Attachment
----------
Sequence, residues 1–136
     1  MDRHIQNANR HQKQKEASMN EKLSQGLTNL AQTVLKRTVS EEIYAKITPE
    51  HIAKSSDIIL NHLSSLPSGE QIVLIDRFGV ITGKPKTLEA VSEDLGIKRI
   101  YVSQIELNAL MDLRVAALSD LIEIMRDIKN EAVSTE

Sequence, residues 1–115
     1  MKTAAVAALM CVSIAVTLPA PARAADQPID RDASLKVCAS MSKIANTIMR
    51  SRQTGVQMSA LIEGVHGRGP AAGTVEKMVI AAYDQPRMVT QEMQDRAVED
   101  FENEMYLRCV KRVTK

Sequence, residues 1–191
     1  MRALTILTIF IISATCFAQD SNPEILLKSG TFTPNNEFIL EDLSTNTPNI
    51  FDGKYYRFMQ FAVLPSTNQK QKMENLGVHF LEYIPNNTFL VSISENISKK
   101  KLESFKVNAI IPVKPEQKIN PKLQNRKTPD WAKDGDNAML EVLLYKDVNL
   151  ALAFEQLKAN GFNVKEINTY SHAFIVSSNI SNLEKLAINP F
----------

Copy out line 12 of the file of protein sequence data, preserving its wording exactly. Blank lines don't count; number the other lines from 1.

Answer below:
   101  KLESFKVNAI IPVKPEQKIN PKLQNRKTPD WAKDGDNAML EVLLYKDVNL